While there is no federal common-law peer-review privilege, each state has adopted a privilege with varying standards and protections. But a question relevant to all jurisdictions is whether, in a medical-malpractice case, the peer-review privilege protects from discovery a physician’s credentialing or training records. A Florida court upheld the privilege even though the plaintiff specifically alleged that the hospital was negligent in the credentialing process. Tarpon Springs Hosp. Found., Inc. v. White, 286 So. 3d 879 (Fla. Ct. App. 2019). You may read the decision here.
Adverse Medical Incident
Donna White sued Tarpon Hospital Springs Foundation and one of its internal-medicine physicians for medical malpractice following her husband’s death. One of the allegations was that the hospital’s negligent credentialing process allowed the internist to treat Mr. White. And it was this treatment that led to the adverse medical incident.
In discovery, she asked the hospital to produce records showing “each and every time” the internist “became board eligible by the American Board of Internal Medicine.” The hospital claimed that the peer-review privilege protected this training or credentialing information from disclosure. The trial court disagreed and ordered production.
The hospital appealed.
Florida’s Peer-Review Privilege
One of Florida’s medical peer-review protections, Section 395.0191(8), precludes discovery, in a medical-malpractice case, a hospital governing board’s “investigations, proceedings, and records” used when considering a physician’s staff privileges. The privilege’s purpose is to “provide that degree of confidentiality necessary for the full, frank medical peer evaluation which the legislature sought to encourage.”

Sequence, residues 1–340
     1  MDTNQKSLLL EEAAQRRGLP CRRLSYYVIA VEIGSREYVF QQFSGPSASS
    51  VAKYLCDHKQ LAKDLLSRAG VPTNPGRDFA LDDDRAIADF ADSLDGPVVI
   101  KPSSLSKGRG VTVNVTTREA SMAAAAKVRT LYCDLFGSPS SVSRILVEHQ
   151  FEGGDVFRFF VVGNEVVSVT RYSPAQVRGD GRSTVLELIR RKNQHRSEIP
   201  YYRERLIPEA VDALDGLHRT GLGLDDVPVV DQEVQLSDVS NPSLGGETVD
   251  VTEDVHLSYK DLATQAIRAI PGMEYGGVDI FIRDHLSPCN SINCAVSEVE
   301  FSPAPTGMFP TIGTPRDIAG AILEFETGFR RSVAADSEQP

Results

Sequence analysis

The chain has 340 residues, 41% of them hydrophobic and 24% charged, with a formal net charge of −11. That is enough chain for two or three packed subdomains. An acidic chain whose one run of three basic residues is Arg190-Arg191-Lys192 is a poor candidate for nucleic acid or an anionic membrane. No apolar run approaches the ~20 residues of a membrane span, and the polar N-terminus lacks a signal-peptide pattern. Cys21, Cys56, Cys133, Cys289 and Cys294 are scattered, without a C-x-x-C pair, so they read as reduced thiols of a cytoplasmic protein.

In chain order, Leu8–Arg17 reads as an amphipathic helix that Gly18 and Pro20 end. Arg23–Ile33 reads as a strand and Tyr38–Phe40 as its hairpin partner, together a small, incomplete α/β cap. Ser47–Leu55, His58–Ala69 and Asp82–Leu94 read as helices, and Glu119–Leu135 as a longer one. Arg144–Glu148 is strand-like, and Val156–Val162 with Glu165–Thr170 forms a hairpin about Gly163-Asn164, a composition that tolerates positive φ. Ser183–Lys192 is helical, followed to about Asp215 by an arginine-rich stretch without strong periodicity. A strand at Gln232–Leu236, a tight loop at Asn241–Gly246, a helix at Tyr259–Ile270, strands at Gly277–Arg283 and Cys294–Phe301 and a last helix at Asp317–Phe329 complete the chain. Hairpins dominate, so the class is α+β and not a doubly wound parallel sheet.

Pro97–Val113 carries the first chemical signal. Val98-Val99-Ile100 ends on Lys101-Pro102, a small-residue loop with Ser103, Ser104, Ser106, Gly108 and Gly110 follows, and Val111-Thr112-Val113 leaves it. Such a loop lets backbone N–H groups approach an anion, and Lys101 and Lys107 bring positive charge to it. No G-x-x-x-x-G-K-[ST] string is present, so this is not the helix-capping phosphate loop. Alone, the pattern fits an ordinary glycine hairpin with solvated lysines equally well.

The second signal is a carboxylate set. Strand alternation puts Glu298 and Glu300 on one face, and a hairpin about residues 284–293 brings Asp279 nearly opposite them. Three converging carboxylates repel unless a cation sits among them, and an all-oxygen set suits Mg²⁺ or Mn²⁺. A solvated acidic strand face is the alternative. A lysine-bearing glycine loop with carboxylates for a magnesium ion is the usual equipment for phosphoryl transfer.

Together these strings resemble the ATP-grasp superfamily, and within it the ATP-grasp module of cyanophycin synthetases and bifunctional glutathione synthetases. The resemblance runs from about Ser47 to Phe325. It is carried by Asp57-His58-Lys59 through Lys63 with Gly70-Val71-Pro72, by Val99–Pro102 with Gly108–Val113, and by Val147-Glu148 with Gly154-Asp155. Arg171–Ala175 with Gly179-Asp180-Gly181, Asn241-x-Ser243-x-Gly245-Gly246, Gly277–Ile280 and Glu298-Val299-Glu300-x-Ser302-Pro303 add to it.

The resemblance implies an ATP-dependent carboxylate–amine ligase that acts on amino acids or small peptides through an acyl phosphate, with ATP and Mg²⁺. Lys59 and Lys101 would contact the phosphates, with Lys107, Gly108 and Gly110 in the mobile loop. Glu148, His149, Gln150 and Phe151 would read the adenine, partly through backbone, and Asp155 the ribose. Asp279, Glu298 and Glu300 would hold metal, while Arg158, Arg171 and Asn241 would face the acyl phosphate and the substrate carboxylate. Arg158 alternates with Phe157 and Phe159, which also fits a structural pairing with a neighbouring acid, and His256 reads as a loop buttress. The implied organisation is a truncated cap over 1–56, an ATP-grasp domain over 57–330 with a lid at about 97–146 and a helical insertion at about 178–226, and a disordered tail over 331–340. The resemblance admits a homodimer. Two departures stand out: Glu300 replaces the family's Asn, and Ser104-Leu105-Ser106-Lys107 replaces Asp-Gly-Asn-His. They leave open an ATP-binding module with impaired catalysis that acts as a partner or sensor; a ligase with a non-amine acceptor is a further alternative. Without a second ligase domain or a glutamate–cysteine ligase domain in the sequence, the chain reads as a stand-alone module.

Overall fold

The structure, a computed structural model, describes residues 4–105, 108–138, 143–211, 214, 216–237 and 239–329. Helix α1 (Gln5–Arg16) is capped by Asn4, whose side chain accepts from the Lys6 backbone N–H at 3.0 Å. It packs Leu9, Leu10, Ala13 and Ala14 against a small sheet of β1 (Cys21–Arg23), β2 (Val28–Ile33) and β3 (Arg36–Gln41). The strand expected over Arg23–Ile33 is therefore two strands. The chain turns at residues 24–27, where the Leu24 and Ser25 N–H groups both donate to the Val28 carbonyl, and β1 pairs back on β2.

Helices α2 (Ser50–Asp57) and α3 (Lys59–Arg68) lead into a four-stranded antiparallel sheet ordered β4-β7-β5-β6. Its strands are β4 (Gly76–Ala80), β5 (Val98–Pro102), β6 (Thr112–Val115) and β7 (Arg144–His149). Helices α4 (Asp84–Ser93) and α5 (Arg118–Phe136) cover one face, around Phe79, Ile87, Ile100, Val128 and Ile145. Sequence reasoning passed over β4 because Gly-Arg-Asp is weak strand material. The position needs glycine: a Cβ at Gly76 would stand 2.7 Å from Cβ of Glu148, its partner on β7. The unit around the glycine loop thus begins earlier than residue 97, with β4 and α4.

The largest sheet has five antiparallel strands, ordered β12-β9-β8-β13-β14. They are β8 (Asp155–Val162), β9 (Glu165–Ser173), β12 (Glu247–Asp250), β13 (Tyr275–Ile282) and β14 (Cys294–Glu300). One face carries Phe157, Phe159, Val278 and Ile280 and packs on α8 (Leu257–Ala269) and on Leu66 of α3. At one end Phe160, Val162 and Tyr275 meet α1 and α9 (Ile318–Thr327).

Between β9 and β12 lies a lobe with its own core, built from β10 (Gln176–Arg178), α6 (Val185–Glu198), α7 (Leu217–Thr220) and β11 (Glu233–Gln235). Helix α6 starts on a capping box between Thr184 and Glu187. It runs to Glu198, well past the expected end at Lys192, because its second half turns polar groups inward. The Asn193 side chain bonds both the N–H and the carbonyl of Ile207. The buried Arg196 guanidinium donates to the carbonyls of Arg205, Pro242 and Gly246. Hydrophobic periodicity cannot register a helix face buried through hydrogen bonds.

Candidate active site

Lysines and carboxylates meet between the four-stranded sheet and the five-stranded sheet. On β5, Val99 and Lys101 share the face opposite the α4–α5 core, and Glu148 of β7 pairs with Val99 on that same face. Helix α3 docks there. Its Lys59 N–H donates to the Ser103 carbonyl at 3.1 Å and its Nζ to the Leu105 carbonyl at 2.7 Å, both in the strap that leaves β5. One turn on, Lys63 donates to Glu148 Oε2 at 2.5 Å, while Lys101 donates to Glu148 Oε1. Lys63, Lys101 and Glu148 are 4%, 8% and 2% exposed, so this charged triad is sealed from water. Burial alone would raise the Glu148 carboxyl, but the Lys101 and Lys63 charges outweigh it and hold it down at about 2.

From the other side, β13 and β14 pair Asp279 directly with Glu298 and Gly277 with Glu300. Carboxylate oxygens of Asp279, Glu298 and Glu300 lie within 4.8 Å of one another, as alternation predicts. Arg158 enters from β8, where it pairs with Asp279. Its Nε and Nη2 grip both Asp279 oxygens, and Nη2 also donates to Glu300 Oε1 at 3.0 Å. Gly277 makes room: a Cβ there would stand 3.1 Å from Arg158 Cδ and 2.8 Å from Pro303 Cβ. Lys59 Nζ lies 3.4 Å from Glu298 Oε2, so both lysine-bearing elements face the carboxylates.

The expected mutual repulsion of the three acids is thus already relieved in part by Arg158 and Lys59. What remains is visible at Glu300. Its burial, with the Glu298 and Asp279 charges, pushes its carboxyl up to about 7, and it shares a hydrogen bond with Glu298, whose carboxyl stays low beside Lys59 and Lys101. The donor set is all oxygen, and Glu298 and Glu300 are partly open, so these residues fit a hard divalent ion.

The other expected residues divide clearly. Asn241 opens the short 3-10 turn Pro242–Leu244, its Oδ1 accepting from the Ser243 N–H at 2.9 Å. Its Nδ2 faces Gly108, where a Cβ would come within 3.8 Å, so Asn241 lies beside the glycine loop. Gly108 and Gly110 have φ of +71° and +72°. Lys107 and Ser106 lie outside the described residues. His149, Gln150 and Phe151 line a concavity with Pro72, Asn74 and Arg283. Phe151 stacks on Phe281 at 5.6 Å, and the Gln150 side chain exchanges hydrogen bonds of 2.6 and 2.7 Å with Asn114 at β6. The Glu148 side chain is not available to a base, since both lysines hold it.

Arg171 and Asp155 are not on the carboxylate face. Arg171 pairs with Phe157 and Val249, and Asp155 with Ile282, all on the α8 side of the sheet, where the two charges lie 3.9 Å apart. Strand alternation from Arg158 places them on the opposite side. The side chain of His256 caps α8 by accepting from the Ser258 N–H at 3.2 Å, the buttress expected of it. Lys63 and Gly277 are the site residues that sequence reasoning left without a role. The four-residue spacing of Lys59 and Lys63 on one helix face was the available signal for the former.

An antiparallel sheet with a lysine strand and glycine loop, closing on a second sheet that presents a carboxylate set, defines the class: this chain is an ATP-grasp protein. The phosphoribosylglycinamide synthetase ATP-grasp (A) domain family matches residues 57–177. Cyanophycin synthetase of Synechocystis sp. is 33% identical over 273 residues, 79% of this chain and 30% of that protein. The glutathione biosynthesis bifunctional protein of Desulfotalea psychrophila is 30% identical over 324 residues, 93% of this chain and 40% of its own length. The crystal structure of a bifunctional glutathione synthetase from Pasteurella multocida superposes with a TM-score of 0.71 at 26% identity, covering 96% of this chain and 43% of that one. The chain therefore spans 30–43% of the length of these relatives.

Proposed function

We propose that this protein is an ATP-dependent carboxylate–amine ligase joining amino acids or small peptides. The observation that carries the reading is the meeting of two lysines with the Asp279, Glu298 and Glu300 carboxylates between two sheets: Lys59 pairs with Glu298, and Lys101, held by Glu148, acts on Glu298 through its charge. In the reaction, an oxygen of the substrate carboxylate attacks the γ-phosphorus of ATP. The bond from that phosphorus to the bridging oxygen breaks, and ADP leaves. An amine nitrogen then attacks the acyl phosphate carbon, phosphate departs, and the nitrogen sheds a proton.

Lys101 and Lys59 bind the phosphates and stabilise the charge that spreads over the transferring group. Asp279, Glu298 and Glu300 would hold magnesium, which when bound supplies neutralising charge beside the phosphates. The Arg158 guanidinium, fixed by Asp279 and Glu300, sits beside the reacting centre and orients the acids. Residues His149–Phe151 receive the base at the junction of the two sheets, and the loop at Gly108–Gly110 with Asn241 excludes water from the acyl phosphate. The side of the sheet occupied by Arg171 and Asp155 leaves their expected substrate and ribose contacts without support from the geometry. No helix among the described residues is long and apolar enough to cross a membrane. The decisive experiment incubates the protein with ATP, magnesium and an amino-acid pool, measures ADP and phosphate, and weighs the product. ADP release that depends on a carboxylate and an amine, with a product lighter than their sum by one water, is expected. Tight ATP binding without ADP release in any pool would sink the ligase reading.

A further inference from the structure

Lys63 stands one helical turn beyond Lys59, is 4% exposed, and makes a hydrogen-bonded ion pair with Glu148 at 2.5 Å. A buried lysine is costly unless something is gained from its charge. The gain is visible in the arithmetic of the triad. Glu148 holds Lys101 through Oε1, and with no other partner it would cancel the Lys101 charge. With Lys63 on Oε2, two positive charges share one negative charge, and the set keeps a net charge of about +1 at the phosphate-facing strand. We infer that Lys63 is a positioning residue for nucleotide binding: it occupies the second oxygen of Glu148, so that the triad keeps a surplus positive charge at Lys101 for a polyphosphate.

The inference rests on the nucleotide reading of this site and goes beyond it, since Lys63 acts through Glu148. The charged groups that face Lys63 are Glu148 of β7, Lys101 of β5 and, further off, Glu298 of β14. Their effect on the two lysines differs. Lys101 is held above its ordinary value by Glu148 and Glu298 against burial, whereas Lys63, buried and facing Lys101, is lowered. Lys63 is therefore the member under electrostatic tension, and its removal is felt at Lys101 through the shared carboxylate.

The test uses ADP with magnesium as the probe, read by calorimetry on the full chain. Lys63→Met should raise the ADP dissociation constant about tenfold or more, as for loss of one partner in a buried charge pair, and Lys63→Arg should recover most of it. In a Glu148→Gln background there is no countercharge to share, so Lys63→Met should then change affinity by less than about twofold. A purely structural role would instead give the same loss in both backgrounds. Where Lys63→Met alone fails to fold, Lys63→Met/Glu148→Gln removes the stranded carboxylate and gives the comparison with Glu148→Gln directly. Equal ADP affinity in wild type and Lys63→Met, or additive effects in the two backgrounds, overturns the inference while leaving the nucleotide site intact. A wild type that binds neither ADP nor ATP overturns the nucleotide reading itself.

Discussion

The privilege applies to “any document considered by the committee or board as part of its decision-making process.” But importantly, the privilege does not prevent the discovery of documents from original sources.
A Constitutional Right?
A 2004 amendment to Florida’s constitution imposed limits on the peer-review privilege’s reach. Article X, § 25(a) permits patient access to “any records made or received in the course of business by a healthcare facility or provider.” These records, however, must relate to an “adverse medical incident.”
Ms. White, of course, argued that a patient’s right to access medical records trumps the peer-review privilege over credentialing considerations. The question, then, was whether the hospital’s credentialing records of the allegedly at-fault internist related to an adverse medical event.
And Ms. White had a plausible argument that it did—her negligent credentialing claim.
No Privilege but a Remedy
The court rejected Ms. White’s argument. The discovery request clearly fell within the peer-review privilege because it required disclosure of documents the hospital considered in its “hiring and credentialing” of the internist. And her negligent-credentialing claim did not overcome the privilege because the credentialing issue did not pertain to a specific adverse medial event.
Peer-review documents relate to an adverse medical incident when they “relate to a specific incident involving a specific patient that caused or could have caused injury to or death of that patient.” And here, the internist’s credentialing—or even training—records did not relate to the specific event of her husband’s death.
So, the privilege protected the hospital’s records from discovery. But Ms. White has a potential remedy. The credentialing records that the hospital reviewed came from outside sources. And while this fact alone does not obviate the privilege, Ms. White is free to “acquire the desired documents from sources other than the hospital board.”